Laurie Sansom, currently artistic director of Royal and Derngate in Northampton, has been appointed to lead the National Theatre of Scotland.
Sansom will succeed NTS founding artistic director Vicky Featherstone in March 2013. Featherstone is moving to London’s Royal Court Theatre in December.
Under Sansom’s tenure, the Royal and Derngate won The Stage’s inaugural regional theatre of the year award at the 2010 Stage 100 Awards.
Sansom told The Stage: “It is a bit of a dream, really, for a director and a programmer. The ‘theatre without walls’ policy means it is operating at so many different levels, from small development pieces to large scale community work, productions in major theatres, to international tours.
“Vicky [Featherstone] has done a fantastic job raising the reputation of the company, which is so good, and also putting new work right at the heart of what the company is. In some ways it is a daunting baton to be passed, but it is also a brilliant starting point to let the company grow even further.”
He moved to Northampton in 2006 and carved out a strong track record as a director and programmer. His pairing of rare Tennessee Williams and Eugene O’Neill plays won the TMA’s best director award and transferred to the National Theatre. He had previously spent four years as Alan Ayckbourn’s associate director at the Stephen Joseph Theatre in Scarborough, where he developed and directed more than 20 new plays.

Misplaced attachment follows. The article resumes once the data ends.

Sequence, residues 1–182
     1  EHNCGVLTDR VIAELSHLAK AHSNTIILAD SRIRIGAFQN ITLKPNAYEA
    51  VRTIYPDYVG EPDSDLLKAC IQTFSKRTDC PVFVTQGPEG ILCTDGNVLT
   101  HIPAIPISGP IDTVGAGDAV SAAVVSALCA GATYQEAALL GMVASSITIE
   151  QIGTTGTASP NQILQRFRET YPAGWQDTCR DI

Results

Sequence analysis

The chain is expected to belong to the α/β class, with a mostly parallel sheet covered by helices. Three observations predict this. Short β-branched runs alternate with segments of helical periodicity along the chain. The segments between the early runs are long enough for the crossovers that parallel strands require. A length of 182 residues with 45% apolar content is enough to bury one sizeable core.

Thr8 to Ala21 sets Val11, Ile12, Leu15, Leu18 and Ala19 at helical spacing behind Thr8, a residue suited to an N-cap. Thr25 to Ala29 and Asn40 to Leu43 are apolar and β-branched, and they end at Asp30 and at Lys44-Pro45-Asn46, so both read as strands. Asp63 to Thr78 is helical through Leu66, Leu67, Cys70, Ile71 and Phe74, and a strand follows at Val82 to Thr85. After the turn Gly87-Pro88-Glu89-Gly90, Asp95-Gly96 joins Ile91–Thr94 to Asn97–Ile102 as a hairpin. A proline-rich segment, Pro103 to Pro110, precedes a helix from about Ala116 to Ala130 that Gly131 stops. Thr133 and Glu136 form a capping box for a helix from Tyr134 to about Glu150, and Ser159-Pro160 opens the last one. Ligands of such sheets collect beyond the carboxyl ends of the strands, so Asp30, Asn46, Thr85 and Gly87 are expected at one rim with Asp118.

Sansom said his time in Northampton will influence the new post. He added: “It is about facilitating the artists to follow what their artistic ambition is – giving them the resources and the support to be able to do it. I really believe in harnessing what artists are passionate about saying and how they want to say it.”
Featherstone recently announced a programme of work for the NTS which will take the company up until October 2013. Sansom pointed out that this will give him time to work out his ongoing plans.
He said: “It will be a good six months before we announce our 2014 programme. I am starting in March so it gives me plenty of time to talk to Scottish artists and the people who are running the various companies.”